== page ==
Tobacco settlement bonds refinanced
Notes from the Legislature’s regular session
BATON ROUGE (AP) — The State Bond Commission signed off Thursday on a refinancing of Louisiana’s tobacco settlement bonds that will take advantage of low interest rates and generate more than $60 million to plug into next year’s budget.
The dollars were included in the 2013-14 budget under negotiation by lawmakers to help pay for the state’s free college tuition program called TOPS, so passage was needed to keep the $25 billion spending plan in balance.
The only opposition on the Bond Commission came from its chairman, Treasurer John Kennedy. “I think we’re doing the right thing here, but I believe we’re picking the wrong structure,” he said.
Kennedy said Gov. Bobby Jindal’s administration pushed for a refinancing that generates all the savings upfront to plug budget holes. He said the state could save more by stretching out the savings over many years.
The state will save an estimated $144 million over three years.
Commissioner of Administration Kristy Nichols has disagreed that another refinancing structure could offer significantly more savings.
Sen. Barrow Peacock, R-Shreveport, said it was too risky to spread out the savings because tobacco use is declining nationwide as taxes are increased and new restrictions are added. “We need to take the upfront savings, rather than over the life of it,” he said.
Lawmakers gave final, unanimous passage Thursday to the creation of a “parent trigger” law for poor-performing schools in the Recovery School District.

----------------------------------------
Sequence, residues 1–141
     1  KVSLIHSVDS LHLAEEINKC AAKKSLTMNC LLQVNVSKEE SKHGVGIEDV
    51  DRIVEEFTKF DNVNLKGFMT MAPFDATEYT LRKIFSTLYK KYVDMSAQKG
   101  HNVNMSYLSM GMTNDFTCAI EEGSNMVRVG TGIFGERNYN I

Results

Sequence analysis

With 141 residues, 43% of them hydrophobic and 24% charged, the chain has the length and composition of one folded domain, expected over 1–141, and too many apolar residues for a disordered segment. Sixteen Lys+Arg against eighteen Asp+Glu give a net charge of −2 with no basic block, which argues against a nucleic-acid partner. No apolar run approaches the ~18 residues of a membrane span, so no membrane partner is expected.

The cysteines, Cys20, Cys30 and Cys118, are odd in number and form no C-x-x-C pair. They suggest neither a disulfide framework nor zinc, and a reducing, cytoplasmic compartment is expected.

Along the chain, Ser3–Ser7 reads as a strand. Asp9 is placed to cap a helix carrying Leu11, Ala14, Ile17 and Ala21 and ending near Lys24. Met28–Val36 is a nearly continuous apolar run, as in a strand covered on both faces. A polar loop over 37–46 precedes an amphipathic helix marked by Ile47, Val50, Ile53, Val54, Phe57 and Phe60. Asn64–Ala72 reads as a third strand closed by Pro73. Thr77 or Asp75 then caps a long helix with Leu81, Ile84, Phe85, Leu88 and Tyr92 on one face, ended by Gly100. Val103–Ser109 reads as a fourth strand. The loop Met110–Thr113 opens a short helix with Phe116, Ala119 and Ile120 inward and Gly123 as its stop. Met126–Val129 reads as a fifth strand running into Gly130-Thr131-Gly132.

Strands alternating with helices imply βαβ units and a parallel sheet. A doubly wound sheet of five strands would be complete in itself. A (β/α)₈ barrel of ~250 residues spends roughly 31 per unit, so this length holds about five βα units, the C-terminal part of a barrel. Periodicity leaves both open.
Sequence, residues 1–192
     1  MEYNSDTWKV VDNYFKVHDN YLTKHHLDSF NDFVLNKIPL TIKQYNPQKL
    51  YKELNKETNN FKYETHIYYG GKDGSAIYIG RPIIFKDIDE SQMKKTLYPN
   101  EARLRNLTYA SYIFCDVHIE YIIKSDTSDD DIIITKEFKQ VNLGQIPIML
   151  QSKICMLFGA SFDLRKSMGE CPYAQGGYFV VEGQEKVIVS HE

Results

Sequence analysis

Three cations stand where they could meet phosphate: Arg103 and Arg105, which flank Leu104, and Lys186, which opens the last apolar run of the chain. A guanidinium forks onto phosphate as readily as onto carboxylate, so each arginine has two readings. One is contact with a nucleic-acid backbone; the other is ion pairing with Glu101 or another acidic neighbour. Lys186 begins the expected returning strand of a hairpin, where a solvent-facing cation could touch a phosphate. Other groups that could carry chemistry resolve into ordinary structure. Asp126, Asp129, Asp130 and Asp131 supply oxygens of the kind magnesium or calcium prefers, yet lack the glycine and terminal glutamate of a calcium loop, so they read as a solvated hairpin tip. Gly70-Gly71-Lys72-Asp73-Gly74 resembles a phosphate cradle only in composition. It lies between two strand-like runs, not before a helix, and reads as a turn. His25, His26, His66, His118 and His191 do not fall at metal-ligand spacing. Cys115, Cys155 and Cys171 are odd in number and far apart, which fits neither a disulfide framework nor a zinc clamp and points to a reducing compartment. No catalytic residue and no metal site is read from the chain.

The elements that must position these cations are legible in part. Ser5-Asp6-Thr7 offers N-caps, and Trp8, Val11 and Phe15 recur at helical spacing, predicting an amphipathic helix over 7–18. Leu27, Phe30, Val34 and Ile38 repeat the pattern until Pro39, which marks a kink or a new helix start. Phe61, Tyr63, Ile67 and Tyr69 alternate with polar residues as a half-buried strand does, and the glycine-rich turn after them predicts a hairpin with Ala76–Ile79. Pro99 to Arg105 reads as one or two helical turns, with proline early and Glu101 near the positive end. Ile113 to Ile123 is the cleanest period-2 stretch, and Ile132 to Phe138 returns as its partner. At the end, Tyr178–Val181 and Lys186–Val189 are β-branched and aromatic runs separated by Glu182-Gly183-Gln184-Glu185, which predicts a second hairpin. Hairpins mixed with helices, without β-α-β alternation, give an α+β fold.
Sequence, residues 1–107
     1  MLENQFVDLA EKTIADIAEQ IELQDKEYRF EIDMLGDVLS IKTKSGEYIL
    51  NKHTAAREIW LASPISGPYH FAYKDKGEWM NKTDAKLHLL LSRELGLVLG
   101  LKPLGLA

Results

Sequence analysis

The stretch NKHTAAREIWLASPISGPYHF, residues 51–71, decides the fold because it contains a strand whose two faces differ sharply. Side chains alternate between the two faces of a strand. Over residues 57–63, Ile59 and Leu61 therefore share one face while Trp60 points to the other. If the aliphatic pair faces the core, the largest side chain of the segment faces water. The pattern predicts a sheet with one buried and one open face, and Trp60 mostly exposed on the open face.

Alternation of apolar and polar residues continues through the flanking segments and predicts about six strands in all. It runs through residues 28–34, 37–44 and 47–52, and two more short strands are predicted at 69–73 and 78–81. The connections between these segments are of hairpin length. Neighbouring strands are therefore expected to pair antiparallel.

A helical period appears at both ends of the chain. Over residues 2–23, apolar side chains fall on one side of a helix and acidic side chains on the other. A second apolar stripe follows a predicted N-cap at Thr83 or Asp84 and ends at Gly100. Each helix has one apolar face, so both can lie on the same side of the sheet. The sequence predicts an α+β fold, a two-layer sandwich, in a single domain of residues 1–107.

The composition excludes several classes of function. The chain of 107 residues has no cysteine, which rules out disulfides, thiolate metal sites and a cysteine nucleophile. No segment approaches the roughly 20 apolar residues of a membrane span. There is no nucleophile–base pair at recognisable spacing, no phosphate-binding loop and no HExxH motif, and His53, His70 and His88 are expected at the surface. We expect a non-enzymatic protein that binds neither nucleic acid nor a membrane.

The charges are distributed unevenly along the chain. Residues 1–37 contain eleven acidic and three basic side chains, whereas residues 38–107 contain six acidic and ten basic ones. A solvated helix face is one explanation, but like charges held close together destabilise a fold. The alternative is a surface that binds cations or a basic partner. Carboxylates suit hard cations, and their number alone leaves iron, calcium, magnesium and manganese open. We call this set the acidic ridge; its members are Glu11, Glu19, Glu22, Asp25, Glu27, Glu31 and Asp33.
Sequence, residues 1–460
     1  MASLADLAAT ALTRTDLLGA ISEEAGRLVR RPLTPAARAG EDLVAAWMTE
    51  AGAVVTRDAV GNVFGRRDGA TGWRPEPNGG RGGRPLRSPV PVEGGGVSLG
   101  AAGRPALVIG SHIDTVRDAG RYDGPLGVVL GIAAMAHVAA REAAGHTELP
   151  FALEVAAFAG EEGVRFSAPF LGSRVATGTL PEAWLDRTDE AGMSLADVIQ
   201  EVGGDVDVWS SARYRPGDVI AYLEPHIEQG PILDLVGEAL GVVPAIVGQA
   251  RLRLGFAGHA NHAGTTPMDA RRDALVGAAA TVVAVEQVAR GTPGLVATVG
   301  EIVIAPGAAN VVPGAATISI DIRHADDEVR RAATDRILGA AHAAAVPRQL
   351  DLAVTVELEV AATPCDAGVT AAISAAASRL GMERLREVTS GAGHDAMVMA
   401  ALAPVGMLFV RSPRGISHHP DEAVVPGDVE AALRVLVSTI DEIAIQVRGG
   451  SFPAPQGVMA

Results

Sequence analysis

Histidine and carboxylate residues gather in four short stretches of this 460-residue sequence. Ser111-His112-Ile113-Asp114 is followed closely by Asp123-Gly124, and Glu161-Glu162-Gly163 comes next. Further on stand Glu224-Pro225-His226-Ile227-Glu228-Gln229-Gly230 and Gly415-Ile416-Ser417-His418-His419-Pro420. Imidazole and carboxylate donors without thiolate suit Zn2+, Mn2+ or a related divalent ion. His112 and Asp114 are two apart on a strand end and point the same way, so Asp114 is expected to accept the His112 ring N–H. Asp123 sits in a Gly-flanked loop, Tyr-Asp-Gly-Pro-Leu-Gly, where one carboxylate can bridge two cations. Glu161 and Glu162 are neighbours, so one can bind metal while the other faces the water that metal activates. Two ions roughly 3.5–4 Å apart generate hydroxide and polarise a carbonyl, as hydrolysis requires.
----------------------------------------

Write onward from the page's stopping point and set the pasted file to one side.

The measure (House Bill 115) by Rep. Ted James, D-Baton Rouge, will let parents petition the state-run RSD to return a school back to local control if that school has earned a “D” or “F” grade from the state for five consecutive years.
It would take parents of a majority of the students signing the petition. Students must have been attending the school for at least two years in order for their parents to sign.
The Recovery School District is run by the state Department of Education to manage chronically low-performing schools. It currently operates 80 schools around the state, including 68 in New Orleans and eight in Baton Rouge.
Lawmakers sent the bill to Gov. Bobby Jindal’s desk with a 98-0 vote of the House and 39-0 vote of the Senate.
A bid to centralize and strengthen efforts to collect back-owed debts to state agencies, in hopes of bolstering revenue for the state treasury, received backing from lawmakers and heads to Gov. Bobby Jindal.
Estimates are the measure could generate as much as $200 million over five years.
The bill will create a new debt recovery office in the Department of Revenue and give it the authority to revoke and suspend state-issued licenses for back debts, among other things. It will require agencies to refer all their delinquent accounts to either the attorney general’s office or the debt recovery office for collection.
Lawmakers said Louisiana has been too lax in seeking payment for back-owed debts, which are pegged at $1.4 billion.
A compromise version of the bill (House Bill 629) by Rep. Chris Broadwater, R-Hammond, won final passage with a 95-0 vote of the House and 37-1 vote of the Senate.
A West Monroe lawmaker’s bid to cut down on exposure to secondhand cigarette smoke couldn’t get final passage even though it was watered down through the process.
As reworked by the Senate, Rep. Frank Hoffmann’s proposal (House Bill 111) would have prohibited smoking within 25 feet of the entrances to state-owned office buildings, not including public college campuses.
The House voted 95-2 for a final compromise version of the bill, but it never came up for a vote in the Senate, stalling it on the calendar when the legislative session ended Thursday.